AFP: Iran announced on Sunday it halted its limited oil sales to France and Britain in retaliation for a phased EU ban on Iranian oil that is yet to take full effect.
By Siavosh Ghazi
TEHRAN (AFP) — Iran announced on Sunday it halted its limited oil sales to France and Britain in retaliation for a phased EU ban on Iranian oil that is yet to take full effect.
“Oil sales to British and French companies have ceased,” oil ministry spokesman Ali Reza Nikzad Rahbar said in a statement on the ministry’s official website.
“We have taken steps to deliver our oil to other countries in the place of British and French companies,” he said.
The decision was not expected to have a big impact. France last year bought only three percent of its oil — 58,000 barrels a day — from the Islamic republic. Britain was believed to be no longer importing Iranian oil.
But it was seen as a warning shot to other EU nations that are bigger consumers of Iranian oil, including Italy, Spain and Greece.
Although those countries were not affected by Iran’s announcement on Sunday, they are included in an EU decision to stop buying Iranian oil that was announced last month and which will take full effect from July.
The EU move was part of a ratcheting up of Western economic sanctions on Iran over its disputed nuclear programme. Many Western nations fear the programme masks a drive to develop nuclear weapons, but Tehran denies that.
According to the International Energy Agency, Italy sourced 13 percent of its oil, or 185,000 barrels per day, from Iran, while Spain imported 12 percent of its oil needs, or 161,000 bpd, and Greece bought 30 percent of its needs, or 103,000 bpd.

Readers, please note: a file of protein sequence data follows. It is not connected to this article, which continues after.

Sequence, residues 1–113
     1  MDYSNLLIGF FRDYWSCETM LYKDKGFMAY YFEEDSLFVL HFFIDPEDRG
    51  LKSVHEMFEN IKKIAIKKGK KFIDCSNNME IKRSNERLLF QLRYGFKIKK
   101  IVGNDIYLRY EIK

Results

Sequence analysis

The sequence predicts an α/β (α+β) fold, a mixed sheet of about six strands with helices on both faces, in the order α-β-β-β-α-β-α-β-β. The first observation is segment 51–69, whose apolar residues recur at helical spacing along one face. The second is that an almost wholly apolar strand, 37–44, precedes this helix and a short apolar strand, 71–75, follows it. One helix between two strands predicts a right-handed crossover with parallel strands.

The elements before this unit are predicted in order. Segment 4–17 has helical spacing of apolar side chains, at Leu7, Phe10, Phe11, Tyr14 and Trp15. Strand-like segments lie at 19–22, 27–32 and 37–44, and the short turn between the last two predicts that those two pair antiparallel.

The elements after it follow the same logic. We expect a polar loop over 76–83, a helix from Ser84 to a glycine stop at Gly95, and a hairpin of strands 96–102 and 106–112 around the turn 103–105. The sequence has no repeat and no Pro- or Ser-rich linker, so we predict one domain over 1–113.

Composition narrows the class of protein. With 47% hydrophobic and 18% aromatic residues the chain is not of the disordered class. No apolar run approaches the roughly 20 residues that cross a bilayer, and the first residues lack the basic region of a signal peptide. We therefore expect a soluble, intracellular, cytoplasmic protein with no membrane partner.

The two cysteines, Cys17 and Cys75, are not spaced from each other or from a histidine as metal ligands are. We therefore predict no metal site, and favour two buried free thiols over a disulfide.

Iran, OPEC’s second-biggest exporter after Saudi Arabia, pumps 3.5 million bpd of which it exports 2.5 million bpd.
Seventy percent of the exports go to Asian countries, China and India especially. More than 20 percent, or around 600,000 bpd, go to the European Union.
Iran has been threatening for weeks to cut all oil exports to Europe because of the EU ban, but has thus far held off. Ceasing all exports to the EU would harm its own economy unless it had Asian buyers ready to pick up the contracts.
Last Wednesday, the foreign ministry “invited” the ambassadors of France, Greece, Italy, the Netherlands, Portugal and Spain to individual meetings to explain to them that Iran “will revise” its oil sales to their countries.
Oil prices spiked on the warning, driven higher by an incorrect report on an Iranian television network, Press TV, that the halt in exports to the EU had already been implemented.
Iran’s government then said it would not stop exports “at the moment.”
But a foreign ministry official, Hassan Tajik, was quoted as saying: “Our message is that we can immediately replace our oil customers.”
The European Commission said that even if Iran did cut its sales to the European Union, it would make little difference as EU buyers were already switching suppliers, particularly towards Saudi Arabia.
Iran has reacted furiously to a promise by Saudi Arabia — a US ally and longtime rival in the Middle East — that it will step in to pump more oil to compensate for any loss to the market from curbed Iranian exports.
Such a move would be viewed as “unfriendly,” Tehran warned.
Iran’s decision to cut exports to France and Britain will be digested by oil traders on Monday.
In part because of the simmering geopolitical tensions over Iran, oil prices already jumped to a nine-month high on Friday before settling back a bit.
New York’s main contract, West Texas Intermediate (WTI) light sweet crude for delivery in March, was trading at $103.24 a barrel, while in London, Brent North Sea crude for April delivery was selling for $119.58 a barrel.
“According to industry sources, the leading European oil companies have slashed their March oil imports from Iran by more than 300,000 barrels per day. This is prompting additional demand for alternative oil types and is thus causing prices to rise,” explained Commerzbank analyst Carsten Fritsch.
“Ongoing Iranian tensions and the threat of disruption to oil supplies continue to be the main driver in the oil price,” said VTB Capital economist Neil MacKinnon.